Yes, and I've been popping down on a regular basis over the past few months to get those soundings myself, not just second hand. But, as you importantly just mentioned, the consultant team – the key consultants were of course the architects FaulknerBrowns, and the landscape architects as well, LDA, and the whole consultant team with Buckingham the builders, did a fabulous job. It was difficult navigating the pandemic, you know; we took the leap of faith, to procure. Towards the beginning of the pandemic, there was a lot of uncertainty. And that was uncertainty for everybody, not just ourselves; the client, the consultant team, and we worked through that splendid design. It's just a great collaborative effort, so it's important to note the great work of the consultant team. But in terms of feedback to date, I guess you'd expect at the very beginning to be bowled over; they should be about what is a fabulous facility. And then I guess, a couple of months in, you get then, the more, I guess, accurate feedback; the day to day operations. And there are bound to be teething problems. Of course, there are teething problems, but they are minor, I'm pleased to say. So, whether it's the elite skaters in there at the crack of dawn, making use of this vastly superior Olympic rink to train on. Or whether it's the school groups - I remember I was down there about a month ago or so, just before the schools broke up so it would have been towards the end of term. And around lunch time there was a constant procession of schools going in, schools going out, schools going in, schools going out, which was fantastic! It really was fantastic to see that, first hand. And then, of course, you've got the more community use on the rinks as well.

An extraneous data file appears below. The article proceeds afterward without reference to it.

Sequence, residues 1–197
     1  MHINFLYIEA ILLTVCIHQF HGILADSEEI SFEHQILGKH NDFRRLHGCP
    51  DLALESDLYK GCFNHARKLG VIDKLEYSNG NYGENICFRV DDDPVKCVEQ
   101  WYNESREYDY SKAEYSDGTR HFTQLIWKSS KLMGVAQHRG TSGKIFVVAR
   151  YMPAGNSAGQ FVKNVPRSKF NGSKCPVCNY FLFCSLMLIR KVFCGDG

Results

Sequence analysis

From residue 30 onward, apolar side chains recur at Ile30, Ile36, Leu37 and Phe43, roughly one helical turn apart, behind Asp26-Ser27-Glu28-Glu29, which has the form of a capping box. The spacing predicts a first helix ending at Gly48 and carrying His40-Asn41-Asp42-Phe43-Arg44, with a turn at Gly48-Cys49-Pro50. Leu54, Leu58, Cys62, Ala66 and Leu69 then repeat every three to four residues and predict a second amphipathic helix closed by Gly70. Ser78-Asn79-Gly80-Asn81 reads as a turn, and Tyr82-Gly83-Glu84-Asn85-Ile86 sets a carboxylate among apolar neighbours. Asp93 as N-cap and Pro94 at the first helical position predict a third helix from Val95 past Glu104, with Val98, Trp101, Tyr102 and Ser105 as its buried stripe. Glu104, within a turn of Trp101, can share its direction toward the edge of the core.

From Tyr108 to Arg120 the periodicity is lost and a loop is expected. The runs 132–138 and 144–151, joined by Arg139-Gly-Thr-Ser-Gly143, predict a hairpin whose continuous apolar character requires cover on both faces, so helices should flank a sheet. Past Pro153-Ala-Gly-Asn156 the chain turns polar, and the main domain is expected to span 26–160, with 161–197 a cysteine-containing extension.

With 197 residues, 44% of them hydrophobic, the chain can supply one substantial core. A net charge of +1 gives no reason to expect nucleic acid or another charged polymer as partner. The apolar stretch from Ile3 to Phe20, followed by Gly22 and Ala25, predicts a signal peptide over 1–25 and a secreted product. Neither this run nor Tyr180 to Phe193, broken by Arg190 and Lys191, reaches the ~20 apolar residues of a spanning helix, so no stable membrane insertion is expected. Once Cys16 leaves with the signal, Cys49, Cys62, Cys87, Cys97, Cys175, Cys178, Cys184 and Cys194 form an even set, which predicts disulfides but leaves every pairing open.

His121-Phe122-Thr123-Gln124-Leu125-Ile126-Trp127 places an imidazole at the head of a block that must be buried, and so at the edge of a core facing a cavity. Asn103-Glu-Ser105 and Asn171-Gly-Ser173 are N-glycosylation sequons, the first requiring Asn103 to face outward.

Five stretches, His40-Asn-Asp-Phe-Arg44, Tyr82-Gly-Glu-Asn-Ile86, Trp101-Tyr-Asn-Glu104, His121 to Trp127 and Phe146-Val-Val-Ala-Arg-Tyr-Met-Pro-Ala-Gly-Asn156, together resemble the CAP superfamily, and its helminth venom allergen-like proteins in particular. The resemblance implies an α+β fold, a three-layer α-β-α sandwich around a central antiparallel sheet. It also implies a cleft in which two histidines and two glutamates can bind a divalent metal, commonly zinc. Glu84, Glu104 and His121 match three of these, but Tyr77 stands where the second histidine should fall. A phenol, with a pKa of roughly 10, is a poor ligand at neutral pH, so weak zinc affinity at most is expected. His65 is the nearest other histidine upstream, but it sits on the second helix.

So, the sessions, we have two a day, morning and afternoon. And then it's just wonderful to encapsulate the local community in terms of age, ethnic diversity, gender. Of course, an important thing to note about ice skating is it is very popular with girls and women, in particular, as sport. In the old ice centre, I think something like over 60% of the usage came from girls and women. And so, again, good to see that, and I think it was only yesterday, or a couple of days ago, I wasn't on site, but I've just had some feedback; we had a Muslim women's group-only session on one of the rinks. And we could just make it a very discreet session. So: no men obviously on site, on the rink, but also they couldn't see in. Female instructors on the rink; over 100, just having a great time in a safe space for that community group. And this is what the centre can do. And it will obviously continue to do a lot more over the months and years ahead.